1939 – 1945

Olive Willis was determined that her girls should be encouraged to take an adult interest in world affairs; parochialism always irked her. Accordingly, when the Second World War started, she ensured that they were kept abreast of news of the war by being allowed to listen to the radio news every day, and when invasion seemed imminent, she ensured that every pupil had a bag containing iron rations and a little money. The spectacular white of the buildings was camouflaged, and Miss Nickel built a long dank tunnel to act as an air raid shelter. The war was not allowed to disrupt musical and theatrical performances. The ‘Spees’ were another distraction; pupils of Queen’s Gate school in London, evacuated from dangerous London to Downe owing to the friendship between Miss Willis and their Headmistress, Miss Spalding. Elizabeth Jackson (Hall DH 1943) writes, ‘The Air Ministry decreed that the crisscross paving between the Cloisters was being used by the Luftwaffe as a night point of reference, as it stood out for miles around in the moonlight so the whole school turned out and dragged pine branches cut from the surrounding woods to cover all the paving. A week later, we were told that the ruse had not been successful and the whole lot had to be dragged away again.” Sue Woodroffe (Farrer, DH 1948) wrote to her mother about the VE Day celebrations, “After breakfast, we went to watch the St George’s Cross being hoisted on the Chapel tower, we had picnic lunches and at three came in to listen to the Prime Minister. When that was over, we went out to Field and gave sports to the village children, said goodbye to them at half past four, had tea and then we had chapel during which we listened to the Archbishop of Canterbury and then the King at nine. After supper we all went out to St Peter’s Hill where our beacon was going to be lit and gradually we saw other beacons lighting up, some over thirty miles away. Then as the flames died down we sang a few more songs and were then shooed to bed by miss Willis. It was after eleven before we were in bed.”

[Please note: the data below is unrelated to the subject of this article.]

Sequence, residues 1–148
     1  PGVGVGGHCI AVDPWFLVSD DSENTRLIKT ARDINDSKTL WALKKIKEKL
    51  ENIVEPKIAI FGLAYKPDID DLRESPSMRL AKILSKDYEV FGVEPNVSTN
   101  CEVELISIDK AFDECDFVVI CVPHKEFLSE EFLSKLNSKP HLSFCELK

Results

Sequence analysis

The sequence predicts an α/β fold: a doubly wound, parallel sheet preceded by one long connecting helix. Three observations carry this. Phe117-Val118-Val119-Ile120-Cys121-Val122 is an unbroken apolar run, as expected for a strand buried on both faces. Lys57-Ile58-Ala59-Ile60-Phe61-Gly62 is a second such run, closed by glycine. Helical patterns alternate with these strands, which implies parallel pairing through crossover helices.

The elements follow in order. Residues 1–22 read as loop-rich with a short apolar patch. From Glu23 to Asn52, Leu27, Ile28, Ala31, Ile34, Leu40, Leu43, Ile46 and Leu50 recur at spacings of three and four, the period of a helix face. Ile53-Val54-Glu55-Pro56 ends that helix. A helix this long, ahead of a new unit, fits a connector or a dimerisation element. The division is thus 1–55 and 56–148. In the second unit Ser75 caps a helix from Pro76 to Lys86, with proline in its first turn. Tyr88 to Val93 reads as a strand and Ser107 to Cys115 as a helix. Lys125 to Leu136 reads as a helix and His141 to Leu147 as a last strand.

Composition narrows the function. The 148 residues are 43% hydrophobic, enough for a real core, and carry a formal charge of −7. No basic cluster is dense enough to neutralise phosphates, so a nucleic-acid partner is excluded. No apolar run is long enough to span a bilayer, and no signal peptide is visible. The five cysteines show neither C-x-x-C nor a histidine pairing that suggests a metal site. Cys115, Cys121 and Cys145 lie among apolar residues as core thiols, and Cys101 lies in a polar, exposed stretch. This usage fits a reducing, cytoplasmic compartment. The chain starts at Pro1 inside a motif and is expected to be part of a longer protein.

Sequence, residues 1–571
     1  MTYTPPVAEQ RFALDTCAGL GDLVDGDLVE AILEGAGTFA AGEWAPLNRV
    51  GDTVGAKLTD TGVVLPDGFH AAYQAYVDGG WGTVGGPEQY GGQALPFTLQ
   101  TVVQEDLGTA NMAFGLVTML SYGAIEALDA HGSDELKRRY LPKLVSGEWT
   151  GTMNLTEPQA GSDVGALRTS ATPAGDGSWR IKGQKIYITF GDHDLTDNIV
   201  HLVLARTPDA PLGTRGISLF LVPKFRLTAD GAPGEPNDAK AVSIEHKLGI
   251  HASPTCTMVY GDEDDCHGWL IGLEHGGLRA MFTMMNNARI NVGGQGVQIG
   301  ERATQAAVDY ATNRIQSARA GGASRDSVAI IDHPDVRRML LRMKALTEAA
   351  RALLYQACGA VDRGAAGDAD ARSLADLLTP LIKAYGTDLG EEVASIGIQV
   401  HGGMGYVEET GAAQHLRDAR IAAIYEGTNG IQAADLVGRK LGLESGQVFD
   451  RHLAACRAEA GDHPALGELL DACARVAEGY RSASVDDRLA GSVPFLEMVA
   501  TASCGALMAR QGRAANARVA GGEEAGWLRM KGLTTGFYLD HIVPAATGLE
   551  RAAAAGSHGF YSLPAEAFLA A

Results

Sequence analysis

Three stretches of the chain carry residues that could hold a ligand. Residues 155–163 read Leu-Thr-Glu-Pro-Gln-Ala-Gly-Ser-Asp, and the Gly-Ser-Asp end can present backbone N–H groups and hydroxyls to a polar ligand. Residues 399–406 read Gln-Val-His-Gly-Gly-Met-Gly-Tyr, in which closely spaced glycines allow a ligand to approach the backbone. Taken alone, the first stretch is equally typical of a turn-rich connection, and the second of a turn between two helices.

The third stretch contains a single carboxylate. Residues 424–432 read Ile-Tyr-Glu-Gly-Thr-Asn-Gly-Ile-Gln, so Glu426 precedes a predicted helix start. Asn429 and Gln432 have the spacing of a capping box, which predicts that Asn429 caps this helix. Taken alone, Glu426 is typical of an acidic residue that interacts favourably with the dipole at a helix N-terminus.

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The best way to find out more about Downe House is to experience it for yourself. Book a personal tour or join us at one of our Open Mornings, available throughout the year.

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